FBI Director James Comey was ‘incredulous’ over Trump’s tweets
WASHINGTON — FBI Director James Comey was “incredulous” over the weekend after President Donald Trump’s allegation via Twitter that former President Barack Obama ordered a wiretap of his phones during the campaign, a person familiar with the matter told CNN.
The source said Comey was concerned that the allegation would make the FBI look bad, and that concern was part of what prompted the FBI director to have his staff reach out to staff at the Department of Justice asking them to knock down the allegation.
The source said Comey felt “institutionally he has to push back on this” because the magnitude of the allegations that Comey knows not to be true.
Over the weekend, senior-level officials within the FBI reached out to career personnel at the Department of Justice to try to clear up reports that Obama wire-tapped Trump’s phone, a US official told CNN. Part of the discussion was the FBI asking for DOJ to publicly knock down the allegations, which so far DOJ has not done.
Comey was aware of those discussions, the US official said, but Comey himself did not reach out to DOJ over the weekend.
Comey was frustrated that his request for DOJ to knock down the story went unanswered over the weekend, according to the source familiar with the matter, and the FBI director is still trying to figure an appropriate channel for the FBI and DOJ to formally come out and say the allegations are not true.
“He might come out and say only time will tell, but right now they (FBI and DOJ) should be in the exact same place and they’re not,” the source said.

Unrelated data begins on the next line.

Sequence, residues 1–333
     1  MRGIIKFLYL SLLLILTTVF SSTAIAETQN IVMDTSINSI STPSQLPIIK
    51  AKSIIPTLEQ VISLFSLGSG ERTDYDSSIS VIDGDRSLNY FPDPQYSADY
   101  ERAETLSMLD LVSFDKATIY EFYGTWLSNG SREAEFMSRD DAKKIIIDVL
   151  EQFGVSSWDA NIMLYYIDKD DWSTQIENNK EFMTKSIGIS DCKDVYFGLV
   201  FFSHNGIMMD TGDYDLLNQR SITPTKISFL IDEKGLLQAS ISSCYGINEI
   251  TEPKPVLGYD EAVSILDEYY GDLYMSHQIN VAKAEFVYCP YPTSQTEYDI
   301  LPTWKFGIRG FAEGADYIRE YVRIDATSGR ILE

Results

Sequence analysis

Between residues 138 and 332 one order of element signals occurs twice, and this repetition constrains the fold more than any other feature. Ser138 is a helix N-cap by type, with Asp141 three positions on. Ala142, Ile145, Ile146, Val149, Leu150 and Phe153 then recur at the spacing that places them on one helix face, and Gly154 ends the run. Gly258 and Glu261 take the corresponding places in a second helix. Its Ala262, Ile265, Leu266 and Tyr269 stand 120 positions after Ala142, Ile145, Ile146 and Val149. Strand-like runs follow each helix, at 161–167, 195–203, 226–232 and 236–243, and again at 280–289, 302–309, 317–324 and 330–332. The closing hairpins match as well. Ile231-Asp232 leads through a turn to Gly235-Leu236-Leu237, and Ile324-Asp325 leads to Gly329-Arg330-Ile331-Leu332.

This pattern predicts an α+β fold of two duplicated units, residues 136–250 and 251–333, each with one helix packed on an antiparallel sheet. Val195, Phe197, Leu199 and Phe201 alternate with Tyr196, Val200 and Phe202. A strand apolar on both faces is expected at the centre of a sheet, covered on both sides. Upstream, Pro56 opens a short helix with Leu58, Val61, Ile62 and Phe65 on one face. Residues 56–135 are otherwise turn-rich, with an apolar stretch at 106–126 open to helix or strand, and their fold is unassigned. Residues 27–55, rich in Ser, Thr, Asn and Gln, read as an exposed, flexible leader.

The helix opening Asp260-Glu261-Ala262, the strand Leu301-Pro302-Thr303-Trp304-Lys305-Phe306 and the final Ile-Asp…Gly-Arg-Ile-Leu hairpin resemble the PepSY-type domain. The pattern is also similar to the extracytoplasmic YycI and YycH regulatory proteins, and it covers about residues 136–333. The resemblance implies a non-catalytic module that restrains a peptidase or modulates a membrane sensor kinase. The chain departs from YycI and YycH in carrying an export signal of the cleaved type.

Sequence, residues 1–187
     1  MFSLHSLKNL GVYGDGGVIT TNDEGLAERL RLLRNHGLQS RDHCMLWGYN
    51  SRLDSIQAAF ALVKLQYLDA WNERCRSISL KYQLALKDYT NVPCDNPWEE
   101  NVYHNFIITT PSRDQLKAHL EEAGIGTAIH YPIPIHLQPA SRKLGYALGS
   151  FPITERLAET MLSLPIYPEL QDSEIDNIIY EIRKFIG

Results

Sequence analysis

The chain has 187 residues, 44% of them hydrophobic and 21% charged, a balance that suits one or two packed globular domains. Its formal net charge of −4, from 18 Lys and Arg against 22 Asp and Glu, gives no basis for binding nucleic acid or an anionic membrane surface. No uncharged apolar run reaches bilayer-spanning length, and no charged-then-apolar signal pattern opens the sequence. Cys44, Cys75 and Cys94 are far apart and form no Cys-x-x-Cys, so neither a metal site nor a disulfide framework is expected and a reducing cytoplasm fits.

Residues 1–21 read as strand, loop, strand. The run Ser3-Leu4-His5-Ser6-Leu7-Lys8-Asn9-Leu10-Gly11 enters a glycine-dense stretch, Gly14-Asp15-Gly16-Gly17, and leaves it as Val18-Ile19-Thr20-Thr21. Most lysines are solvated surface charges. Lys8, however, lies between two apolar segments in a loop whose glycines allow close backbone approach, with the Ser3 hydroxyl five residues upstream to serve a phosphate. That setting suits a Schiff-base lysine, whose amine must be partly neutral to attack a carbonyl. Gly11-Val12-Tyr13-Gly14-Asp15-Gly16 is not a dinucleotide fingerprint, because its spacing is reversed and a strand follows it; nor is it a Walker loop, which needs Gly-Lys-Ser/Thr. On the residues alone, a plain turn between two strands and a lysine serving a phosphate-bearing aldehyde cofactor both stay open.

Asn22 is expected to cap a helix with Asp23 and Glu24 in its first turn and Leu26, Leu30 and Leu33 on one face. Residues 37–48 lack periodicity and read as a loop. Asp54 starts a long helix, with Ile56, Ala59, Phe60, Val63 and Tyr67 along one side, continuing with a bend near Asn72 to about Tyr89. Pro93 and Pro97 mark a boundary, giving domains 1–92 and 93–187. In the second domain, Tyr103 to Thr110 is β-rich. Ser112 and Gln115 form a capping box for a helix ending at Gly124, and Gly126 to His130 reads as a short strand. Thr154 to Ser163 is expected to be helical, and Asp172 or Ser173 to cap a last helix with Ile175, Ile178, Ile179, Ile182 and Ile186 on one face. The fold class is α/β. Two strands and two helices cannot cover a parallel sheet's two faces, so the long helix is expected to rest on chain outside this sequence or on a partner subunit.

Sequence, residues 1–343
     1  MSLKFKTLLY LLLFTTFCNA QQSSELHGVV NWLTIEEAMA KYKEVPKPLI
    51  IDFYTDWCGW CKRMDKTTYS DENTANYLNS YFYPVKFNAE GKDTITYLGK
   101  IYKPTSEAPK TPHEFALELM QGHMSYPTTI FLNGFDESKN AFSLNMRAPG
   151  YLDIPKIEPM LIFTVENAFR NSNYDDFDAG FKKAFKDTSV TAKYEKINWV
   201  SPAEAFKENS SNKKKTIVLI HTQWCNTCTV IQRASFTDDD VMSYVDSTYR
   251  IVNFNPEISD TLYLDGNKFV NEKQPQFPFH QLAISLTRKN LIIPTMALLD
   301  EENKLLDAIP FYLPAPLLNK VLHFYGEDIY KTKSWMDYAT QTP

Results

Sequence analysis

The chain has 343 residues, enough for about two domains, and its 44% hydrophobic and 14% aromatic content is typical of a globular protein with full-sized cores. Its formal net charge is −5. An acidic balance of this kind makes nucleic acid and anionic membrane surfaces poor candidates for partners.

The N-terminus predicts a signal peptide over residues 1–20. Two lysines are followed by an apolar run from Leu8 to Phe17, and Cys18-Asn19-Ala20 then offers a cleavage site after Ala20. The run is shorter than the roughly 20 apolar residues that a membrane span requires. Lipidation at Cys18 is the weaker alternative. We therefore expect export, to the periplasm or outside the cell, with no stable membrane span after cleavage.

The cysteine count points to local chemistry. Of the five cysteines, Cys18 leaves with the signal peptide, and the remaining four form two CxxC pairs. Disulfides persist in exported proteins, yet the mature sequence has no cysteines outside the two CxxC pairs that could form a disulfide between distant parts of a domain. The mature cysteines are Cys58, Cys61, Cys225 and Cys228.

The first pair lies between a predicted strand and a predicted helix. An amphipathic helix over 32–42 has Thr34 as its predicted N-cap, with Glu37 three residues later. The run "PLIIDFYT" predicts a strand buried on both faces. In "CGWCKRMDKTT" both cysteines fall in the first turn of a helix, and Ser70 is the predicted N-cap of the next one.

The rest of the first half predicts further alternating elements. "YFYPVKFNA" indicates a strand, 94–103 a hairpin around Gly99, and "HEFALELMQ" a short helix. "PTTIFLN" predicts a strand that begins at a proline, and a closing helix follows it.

The source added that Comey as of now has no plans to resign.
“Does he know of possibility there might be a confrontation and be fired by the President? Sure,” the source said. “Does he worry about it? No.”
The Department of Justice and FBI had no comment.
White House press secretary Sean Spicer said Monday that he’s “almost 100% certain” that Trump and Comey haven’t spoken since the President made the wiretap allegations, but stopped short of saying definitively that Trump retains confidence in his FBI director.
Connecticut Congressman Jim Himes said,
“There’s three ways, there could be a– at least three ways, but the three ways that matter here in which there could be wiretap on Trump Tower would be if law enforcement believed that there was probable cause that there was a crime being committed by someone in Trump Tower, you might have a wiretap. If our intelligence community believed that there was some activity that involved a foreign power or foreign agents, there could be a FISA wiretap, and that of course would require not the president of the United States to say, ‘hey, let’s wiretap Donald Trump,’ it would require law enforcement to appear before a federal judge, demonstrate probable cause, and get permission for a wiretap.”
“There’s nothing that I have been told by him that would lead me to believe that anything is different than what it was prior,” Spicer said.